In the first in our series of exclusive interviews with industry experts, David Hall, Executive Chairman at YFM Equity Partners, provides his insight on the biggest growth opportunities and most common risks for investors, as well as discussing his company’s approach to investing.
1. What tax-efficient schemes does your company work with, and how do you offer a unique/compelling approach for advisers?
We manage the British Smaller Companies VCT and VCT2 which, following this season’s fundraising, will have a combined value of around £420m. Our primary goal has always been to deliver the best possible returns, which, for VCTs, come in the form of total return with distributions through tax-free dividends. Over 5 and 10 years, the returns have consistently fallen within the range of 8-10% per annum, excluding all tax reliefs. This track record has consistently positioned the trusts at the top of performance tables, garnering strong recommendations and support from advisors.
2. How active are you in providing education to advisers on the types of clients that are suitable for these types of investments, as well as any changes in regulation or nuances in the existing rules?
We’ve always striven to ensure that advisors receive all the communication that the investors receive. Addition we conduct two workshops a year: one face-to-face in London and one on-line. We also hold a series of workshops and meetings throughout the year, ensuring these take place both inside and outside the fundraising periods. Many of these sessions are conducted on a one-to-one, either online or in person. For advisors with larger teams, we make ourselves available to both the “technical assessment” team and the wealth planners and advisors.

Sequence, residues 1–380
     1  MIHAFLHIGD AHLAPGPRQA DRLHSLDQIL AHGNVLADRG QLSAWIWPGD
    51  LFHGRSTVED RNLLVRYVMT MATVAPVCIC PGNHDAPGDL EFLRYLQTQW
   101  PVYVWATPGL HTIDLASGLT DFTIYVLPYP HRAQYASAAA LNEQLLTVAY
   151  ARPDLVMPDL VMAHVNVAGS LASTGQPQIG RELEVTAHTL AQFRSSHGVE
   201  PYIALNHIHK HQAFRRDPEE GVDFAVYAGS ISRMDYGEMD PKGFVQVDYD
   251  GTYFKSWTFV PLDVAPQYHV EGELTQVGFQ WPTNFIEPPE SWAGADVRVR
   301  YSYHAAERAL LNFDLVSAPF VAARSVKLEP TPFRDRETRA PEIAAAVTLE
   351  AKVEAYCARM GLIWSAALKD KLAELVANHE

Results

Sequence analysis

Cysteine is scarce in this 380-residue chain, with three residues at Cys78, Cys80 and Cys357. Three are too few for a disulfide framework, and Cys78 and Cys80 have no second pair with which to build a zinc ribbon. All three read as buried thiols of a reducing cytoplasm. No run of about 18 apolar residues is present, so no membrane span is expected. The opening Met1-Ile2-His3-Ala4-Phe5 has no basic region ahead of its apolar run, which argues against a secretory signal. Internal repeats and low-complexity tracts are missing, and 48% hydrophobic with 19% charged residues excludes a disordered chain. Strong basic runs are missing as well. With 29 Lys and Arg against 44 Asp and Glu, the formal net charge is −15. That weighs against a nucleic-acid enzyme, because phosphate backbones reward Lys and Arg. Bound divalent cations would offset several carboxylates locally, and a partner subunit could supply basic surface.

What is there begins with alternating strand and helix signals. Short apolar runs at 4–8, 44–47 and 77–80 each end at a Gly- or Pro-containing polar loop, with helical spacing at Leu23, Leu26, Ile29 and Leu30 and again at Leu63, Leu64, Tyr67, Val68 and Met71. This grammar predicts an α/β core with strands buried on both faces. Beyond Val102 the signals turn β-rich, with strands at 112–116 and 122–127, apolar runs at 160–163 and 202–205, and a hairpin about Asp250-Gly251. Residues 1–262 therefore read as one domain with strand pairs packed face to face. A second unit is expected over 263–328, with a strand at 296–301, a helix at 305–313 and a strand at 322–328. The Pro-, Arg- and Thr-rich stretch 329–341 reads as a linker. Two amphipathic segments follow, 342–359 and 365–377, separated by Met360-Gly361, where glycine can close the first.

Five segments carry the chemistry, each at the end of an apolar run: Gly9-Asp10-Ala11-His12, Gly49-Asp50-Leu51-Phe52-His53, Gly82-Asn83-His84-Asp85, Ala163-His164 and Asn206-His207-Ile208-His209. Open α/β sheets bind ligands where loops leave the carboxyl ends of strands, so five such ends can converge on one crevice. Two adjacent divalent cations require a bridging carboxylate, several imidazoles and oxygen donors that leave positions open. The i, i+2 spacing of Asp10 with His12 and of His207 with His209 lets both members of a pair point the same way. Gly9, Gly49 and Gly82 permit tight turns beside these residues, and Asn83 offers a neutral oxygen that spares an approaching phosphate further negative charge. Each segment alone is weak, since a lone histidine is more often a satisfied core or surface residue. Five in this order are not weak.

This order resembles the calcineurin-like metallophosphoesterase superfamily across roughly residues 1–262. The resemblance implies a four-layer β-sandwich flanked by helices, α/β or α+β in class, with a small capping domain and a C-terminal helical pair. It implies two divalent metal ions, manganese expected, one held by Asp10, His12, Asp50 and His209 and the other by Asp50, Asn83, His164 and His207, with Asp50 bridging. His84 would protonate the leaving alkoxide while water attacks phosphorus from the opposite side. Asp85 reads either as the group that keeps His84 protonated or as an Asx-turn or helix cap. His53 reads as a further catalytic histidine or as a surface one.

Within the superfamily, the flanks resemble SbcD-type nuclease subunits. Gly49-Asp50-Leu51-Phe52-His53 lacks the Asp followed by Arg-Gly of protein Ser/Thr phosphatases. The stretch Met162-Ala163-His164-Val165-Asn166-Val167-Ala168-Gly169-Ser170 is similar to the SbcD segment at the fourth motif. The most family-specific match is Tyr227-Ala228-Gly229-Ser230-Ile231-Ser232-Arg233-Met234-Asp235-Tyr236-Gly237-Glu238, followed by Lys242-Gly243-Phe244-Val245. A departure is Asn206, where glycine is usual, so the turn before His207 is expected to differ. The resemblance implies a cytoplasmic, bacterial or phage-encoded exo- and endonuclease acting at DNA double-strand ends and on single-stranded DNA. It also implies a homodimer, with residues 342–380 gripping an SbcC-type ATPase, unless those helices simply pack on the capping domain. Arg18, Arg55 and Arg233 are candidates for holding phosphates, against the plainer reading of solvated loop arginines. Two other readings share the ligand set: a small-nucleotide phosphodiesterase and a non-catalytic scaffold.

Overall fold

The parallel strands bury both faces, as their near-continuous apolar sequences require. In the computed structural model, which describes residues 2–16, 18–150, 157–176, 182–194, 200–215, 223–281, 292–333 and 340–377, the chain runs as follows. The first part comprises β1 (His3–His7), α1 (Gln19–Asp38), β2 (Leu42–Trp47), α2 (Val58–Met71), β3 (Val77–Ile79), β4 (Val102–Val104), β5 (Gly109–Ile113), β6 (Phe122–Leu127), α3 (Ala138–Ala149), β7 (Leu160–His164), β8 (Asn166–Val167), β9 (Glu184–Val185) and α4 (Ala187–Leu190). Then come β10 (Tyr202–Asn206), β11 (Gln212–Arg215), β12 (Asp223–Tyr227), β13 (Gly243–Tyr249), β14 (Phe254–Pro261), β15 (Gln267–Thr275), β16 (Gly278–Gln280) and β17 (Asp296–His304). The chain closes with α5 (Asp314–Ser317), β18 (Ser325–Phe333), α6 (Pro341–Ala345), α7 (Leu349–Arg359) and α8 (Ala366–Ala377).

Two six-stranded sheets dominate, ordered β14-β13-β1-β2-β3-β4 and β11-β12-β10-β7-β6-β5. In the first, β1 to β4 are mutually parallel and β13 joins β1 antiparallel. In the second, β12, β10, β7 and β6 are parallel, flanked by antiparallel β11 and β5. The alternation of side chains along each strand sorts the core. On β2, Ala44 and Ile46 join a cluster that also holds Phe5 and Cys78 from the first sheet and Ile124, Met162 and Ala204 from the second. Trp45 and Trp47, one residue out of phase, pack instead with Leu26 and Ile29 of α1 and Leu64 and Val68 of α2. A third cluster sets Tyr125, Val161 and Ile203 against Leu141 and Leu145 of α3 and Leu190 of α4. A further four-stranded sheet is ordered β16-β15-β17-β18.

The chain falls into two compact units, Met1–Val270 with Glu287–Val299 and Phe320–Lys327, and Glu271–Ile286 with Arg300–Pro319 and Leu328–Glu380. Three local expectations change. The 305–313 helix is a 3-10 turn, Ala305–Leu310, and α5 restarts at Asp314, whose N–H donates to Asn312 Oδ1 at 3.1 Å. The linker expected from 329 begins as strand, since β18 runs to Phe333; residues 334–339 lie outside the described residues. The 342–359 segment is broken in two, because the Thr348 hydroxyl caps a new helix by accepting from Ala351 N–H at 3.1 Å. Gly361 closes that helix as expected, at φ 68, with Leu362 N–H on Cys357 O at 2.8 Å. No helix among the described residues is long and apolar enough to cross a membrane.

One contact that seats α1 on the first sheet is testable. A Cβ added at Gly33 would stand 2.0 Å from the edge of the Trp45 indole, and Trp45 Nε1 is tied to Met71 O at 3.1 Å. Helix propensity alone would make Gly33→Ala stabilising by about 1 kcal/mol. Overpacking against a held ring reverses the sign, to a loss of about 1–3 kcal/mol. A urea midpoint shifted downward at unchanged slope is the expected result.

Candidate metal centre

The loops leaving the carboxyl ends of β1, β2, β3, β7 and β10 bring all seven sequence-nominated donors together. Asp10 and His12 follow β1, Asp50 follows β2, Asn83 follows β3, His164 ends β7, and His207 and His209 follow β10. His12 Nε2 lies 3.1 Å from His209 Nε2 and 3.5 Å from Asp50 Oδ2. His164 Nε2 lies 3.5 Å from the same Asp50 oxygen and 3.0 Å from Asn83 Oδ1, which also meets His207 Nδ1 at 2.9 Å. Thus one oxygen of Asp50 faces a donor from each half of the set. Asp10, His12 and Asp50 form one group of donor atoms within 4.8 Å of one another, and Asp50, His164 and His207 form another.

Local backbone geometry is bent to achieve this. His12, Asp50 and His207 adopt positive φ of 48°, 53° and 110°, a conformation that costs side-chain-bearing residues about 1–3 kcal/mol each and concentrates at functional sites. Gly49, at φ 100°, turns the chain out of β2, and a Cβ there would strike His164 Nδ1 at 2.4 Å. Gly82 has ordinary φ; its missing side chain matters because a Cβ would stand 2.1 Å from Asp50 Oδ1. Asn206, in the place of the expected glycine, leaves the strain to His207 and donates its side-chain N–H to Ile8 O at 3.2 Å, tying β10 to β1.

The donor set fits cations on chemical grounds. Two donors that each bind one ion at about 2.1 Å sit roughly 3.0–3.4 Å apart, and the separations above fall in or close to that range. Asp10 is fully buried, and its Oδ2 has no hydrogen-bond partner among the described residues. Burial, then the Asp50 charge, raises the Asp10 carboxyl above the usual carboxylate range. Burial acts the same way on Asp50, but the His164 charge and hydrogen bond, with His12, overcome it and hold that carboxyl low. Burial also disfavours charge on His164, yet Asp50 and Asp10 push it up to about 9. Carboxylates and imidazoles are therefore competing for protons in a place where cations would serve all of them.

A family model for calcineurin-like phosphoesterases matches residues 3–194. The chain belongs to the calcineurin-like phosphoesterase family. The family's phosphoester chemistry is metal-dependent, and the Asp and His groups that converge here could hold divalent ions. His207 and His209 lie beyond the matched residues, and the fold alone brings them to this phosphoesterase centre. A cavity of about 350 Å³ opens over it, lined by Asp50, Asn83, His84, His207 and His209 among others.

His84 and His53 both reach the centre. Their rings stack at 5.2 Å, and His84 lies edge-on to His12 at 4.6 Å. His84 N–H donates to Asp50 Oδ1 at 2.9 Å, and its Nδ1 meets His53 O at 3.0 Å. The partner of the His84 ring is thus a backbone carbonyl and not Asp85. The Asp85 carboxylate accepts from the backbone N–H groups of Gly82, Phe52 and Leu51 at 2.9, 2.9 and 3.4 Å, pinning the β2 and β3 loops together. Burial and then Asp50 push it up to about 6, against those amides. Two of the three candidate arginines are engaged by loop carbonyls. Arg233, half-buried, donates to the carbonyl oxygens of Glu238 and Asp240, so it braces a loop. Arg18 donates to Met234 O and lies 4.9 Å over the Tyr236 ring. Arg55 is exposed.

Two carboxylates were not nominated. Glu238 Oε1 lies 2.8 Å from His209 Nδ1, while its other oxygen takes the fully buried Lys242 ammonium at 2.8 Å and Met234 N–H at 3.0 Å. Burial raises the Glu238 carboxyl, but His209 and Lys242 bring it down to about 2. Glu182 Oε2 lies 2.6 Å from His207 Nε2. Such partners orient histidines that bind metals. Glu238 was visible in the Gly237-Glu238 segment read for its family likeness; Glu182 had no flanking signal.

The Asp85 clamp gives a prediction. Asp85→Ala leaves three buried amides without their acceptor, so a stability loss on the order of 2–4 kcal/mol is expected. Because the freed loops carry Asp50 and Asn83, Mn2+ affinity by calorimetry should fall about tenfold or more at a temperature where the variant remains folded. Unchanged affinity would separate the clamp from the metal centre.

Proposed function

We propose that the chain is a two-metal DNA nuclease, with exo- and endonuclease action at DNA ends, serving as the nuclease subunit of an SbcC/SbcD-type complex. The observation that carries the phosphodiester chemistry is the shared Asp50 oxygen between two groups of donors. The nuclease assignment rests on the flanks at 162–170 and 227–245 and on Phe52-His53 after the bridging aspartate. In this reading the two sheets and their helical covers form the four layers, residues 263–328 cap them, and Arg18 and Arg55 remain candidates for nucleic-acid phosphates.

3. Where and in which types of companies are you seeing the biggest growth opportunities?
We strongly support initiatives that enhance business efficiency, particularly with a B2B focus. This remains a constant area of opportunity, encompassing cyber, workflow efficiency, and now, of course, artificial intelligence. Overlaying this, we observe sectors experiencing substantial growth, such as medical applications, initiatives related to decarbonization, energy efficiency, and the comprehensive management of data (from collection and analysis to movement and protection). A third aspect is geography; many of the businesses we invest in initially start in the UK but, as they expand into global markets, experience significant growth overseas, with the US currently presenting a substantial opportunity.
4. What do you see as the biggest risks for investors?
There’s no escaping the fact that each individual investment that any VCT makes is risky, in exchange for the tax relief the Government requires that the investment is into a young (< 10 years for a “knowledge intensive” business, < 7 years for others) and that they use all the capital we invest in them within 24 months. It takes these businesses another 7-10 years to mature and some won’t make it at all and some won’t achieve as much as they wanted. In that period each individual investment is in an unquoted asset that can’t itself be readily realised. So for investors it’s about investing the right amount for you, that can remain invested for the medium to long term- coming out early where funds are following long term strategies is what you want to avoid.
5. Should advisers be worried about a lack of diversification, and why?
I would recommend thinking of investment in VCTs like any other class of assets- there’s a choice of managers and strategies, each offering funds that have different maturity profiles for the underlying assets. The diversification is perhaps best by spreading investments across a number of VCTs which can be built over time.
We at GBI Magazine would like to thank David Hall for taking part in this exclusive series. Be sure to stay tuned for the next part of this series, which will go live on Friday, 9th February!